# Vertical circular motion/How can tension be negative?

This is a rock tied to a string spinning vertically. Here, $T+mgsin\theta = mv_1^2/r => T = mv_1^2/r-mgsin\theta$ Suppose I give it a velocity $v$ at the bottom.

1) At what angle $\theta$ will the tension become zero?

2) If the velocity ends up $=0$ at $\theta = 0$, then the tension $T = m0^2/2-mg$ which would end up giving tension a negative value. How is this possible?

3) If the velocity at any point ends up zero, does the tension necessarily have to end up equalling zero as well?

• If you provide to the bottom an initial speed $\:v_{bottom}\:$ then the kinetic energy would be $\:E_{bottom}^{kin}=(1/2)\;mv_{bottom}^2\:$. If $\:E_{bottom}^{kin} >E_{top}^{dyn}=mg(2r) \:$ that is $\:v_{bottom} > 2\sqrt{gr} \:$, then the rock will execute this vertical nonuniform circular motion for ever. To the contrary, if $\:v_{bottom} <\sqrt{2gr}<2\sqrt{gr} \:$ then the rock will be a pendulum and execute a simple harmonic oscillation with "angular amplitude" $\:\cos\theta_{max}=1-(v^2/2gr)\:$. Commented May 16, 2016 at 13:09
• In case that $\: \sqrt{2gr}< v_{bottom} < 2\sqrt{gr} \:$ I think that the rock will execute a periodic motion with an orbit that would require a figure to be explained. Commented May 16, 2016 at 13:09

[...] which would end up giving tension a negative value. How is this possible?

It isn't. If you set zero speed $v=0$, then you will no longer have circular motion, and the object will accelerate downwards. A non-zero speed $v$ is a requirement for circular motion to happen, because a radial acceleration towards the center can be present only as such. Otherwise it would be like assuming that the object would continue moving around the center even if you stop pulling in the string which obviously isn't the case.

• That answers 2) and 3). How would I solve 1)? Commented May 16, 2016 at 8:00
• Well, put T=0 into the equation Commented May 16, 2016 at 8:05
• But the eq uses $v_1$. I want to solve for $v$ i.e the initial velocity I need to provide at the bottom Commented May 16, 2016 at 8:10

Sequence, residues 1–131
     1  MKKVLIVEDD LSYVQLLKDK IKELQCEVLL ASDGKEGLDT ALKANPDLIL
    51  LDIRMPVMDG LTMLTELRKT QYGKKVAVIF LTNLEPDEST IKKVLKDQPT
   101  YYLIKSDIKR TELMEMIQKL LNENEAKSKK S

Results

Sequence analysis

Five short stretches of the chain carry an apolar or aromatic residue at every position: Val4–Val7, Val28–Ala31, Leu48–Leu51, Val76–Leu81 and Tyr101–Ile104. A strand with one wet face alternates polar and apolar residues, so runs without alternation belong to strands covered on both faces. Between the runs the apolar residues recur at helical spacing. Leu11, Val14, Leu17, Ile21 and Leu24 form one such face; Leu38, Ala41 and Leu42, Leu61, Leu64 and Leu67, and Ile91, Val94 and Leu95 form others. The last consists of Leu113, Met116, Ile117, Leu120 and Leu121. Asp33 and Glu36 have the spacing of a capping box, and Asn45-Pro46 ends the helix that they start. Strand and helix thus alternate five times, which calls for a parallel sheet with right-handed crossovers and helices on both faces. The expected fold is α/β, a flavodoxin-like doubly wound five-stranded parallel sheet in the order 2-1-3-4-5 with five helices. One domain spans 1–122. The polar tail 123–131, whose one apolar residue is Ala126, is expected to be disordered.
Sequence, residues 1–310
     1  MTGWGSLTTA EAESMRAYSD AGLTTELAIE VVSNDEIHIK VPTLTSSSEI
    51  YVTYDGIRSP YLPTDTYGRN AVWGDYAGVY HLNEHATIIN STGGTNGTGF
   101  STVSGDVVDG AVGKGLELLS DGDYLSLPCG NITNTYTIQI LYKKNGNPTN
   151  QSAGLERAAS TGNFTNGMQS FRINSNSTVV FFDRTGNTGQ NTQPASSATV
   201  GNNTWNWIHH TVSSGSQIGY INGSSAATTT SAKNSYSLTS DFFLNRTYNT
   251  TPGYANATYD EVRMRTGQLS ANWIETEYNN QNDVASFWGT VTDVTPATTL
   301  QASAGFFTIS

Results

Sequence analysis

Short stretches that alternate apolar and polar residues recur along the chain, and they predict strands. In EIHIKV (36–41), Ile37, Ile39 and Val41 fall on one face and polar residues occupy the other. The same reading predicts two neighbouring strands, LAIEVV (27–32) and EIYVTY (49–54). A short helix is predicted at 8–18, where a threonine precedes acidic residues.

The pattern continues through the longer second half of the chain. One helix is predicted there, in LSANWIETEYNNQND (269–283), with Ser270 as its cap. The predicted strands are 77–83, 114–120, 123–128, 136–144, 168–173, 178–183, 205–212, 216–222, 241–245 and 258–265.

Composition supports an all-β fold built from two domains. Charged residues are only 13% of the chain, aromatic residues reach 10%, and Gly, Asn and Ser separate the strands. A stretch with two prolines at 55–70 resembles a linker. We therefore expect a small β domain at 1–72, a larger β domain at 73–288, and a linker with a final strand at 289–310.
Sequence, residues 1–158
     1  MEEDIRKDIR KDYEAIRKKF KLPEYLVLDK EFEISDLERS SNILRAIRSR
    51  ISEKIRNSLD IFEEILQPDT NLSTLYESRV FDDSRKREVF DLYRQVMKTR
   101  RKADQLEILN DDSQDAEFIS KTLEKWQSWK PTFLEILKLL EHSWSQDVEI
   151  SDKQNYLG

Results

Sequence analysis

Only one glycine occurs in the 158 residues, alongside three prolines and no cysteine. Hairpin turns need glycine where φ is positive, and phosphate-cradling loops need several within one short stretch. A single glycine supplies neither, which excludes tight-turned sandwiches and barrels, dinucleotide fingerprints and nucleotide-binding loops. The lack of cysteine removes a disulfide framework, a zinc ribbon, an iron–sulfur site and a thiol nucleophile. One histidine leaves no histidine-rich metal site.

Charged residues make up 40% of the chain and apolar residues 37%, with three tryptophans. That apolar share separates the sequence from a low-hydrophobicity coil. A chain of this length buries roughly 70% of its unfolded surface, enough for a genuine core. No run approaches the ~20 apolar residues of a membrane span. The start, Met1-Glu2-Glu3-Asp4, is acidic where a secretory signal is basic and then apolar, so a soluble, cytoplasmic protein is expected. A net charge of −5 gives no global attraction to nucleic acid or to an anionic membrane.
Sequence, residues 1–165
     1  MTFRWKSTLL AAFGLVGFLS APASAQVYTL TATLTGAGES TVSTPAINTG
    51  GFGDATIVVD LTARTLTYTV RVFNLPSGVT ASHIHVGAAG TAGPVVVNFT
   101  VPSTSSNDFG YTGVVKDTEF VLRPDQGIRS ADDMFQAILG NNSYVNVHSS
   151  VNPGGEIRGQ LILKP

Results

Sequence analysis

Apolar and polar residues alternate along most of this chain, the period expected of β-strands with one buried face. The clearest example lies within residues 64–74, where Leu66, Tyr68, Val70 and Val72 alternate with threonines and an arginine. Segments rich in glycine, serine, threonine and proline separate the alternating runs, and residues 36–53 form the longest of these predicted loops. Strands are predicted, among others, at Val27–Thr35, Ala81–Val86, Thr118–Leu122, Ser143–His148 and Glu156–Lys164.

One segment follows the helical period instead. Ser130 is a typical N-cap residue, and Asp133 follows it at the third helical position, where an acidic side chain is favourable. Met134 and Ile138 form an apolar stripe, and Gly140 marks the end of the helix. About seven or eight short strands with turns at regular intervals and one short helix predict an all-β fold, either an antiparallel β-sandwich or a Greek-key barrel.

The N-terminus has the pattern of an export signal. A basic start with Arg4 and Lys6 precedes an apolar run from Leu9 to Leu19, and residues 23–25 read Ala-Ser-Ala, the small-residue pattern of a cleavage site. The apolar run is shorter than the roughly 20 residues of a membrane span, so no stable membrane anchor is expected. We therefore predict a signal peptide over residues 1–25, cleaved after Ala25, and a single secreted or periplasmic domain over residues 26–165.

• Do you want to solve for v when the question asks for the angle? Commented May 16, 2016 at 8:12
• Also, note that in order to have a uniform circular motion the speed is constant. The only acceleration is towards the centre which is always perpendicular to the direction, so the speed is never changed. So initial speed (which would be the speed when the circular motion is initially obtained) is no different from v1. Commented May 16, 2016 at 8:23

Tension in the string will never become zero, as long as rock is moving along the circular path.

Also, speed of the rock also, will never become zero in this case.

As the stone moves in a vertical orbit, the velocity will change with height (as kinetic energy converts to potential energy).

To maintain the circular orbit, the radial component of force (tension plus component of gravity) must equal the centripetal force required.

If the stone has insufficient velocity at the bottom, there will come a point where you would need "negative tension" in order to maintain the orbit. If you have a rigid rod (rather than a string) this just means that the rod is in compression rather than tension at that point; but if you have a string, the string would go slack and the stone would no longer follow the circular path.

As shown in the diagram, there is a component of force of the gravity that can point either towards the center or away from it; when that component is larger than the force needed to maintain the circular orbit, $\frac{mv^2}{r}$, the stone will continue along the parabolic path as shown (unless the string is rigid so it can provide "push", which is what "negative tension" would be).